Astana is a unique place, because it is a unique symbiosis of east and west traditions and history. You will find a lot of things to do in Astana.
After arriving in Astana, you can go for some fabulous sightseeing of historical monuments and the most significant architectural constructions.
- You must visit the Khan Shatyr a unique shopping and entertainment center.
- Then visit the famous Astana-Baiterek monument and go for more sightseeing and enjoy the tour.
- Kazakh food is centered on horse meat and mutton. We admit it doesn’t sound that appealing, but you can’t come to Kazakhstan and not try the national dish ‘Besbermak’.
- Besbermak is a famous dish in Astana, basically besbermak is boiled horsemeat or mutton, chunks of fat, and flat noodles. Horsemeat is considered fragility in Kazakhstan, so if you are served it in a family home pretends some excitement!
- The huge, luminous tent Khan Shatyr is another thing you must-see.
- A bowl of toe-curling broth mixed with yoghurt is served with the dish, to cleanse the stomach after your meal.
- You will find a very famous dish of Astana, Besbermak (which is actually the horse meat)in some traditional Kazakh restaurants, but you can get the tasty Besbermak only in a Kazakh family at home.
Admire Astana’s Modern Architecture
Astana consists of some of the most innovative and over-the-top buildings we have ever laid eyes on. There are some monuments youwouldn’t want to miss, the Bayterek monument, a huge tower topped by a nest of white metal and a giant golden orb.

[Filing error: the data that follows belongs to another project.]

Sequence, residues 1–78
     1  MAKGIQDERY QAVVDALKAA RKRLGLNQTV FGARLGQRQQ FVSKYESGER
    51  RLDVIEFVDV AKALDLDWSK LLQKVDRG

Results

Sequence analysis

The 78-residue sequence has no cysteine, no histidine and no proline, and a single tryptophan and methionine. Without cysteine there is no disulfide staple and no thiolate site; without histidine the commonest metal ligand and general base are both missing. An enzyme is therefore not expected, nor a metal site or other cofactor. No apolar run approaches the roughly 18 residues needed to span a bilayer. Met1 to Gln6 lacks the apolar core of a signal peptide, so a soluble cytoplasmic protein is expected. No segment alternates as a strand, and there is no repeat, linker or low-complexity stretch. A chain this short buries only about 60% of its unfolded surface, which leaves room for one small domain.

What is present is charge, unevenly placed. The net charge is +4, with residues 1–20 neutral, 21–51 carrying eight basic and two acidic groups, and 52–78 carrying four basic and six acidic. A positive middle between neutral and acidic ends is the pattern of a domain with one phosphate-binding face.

Drink At AKazakh Microbrewery
There’s a growing appreciation for craft beer in Astana—a number of microbreweries are popping up across the city. You can take a nice change from vodka and fermented horse milk.
The steak and the brews, thefavorite in Astana. But there are plenty of other options including Pivovaroff and The Barley. Enjoy!
Visit the National Museum of Kazakhstan.
The National Museum of Kazakhstan has recently been renovated and is quite impressive. You can spend a lot of time in theexhibitions, which tell the story of Kazakhstan from pre-historic to modern times.
The final exhibition hall is a rather strange propaganda-ish ode to president Nursultan Nazarbayev, Kazakhstan’s only leader since independence in 1991.
Elections in Kazakhstan are going on from the independence, but the elections never met an international standard. Nazarbayev’s share of the vote exceeded a laughable 97% at the last election. Take the exhibits in this hall with a pinch of salt!
The most moving exhibit for us was a simple lump of bread. The exhibit told of a Kazakh grandmother who survived the famine of 1930-33.
Get in touch with us to plan your trip to Astana.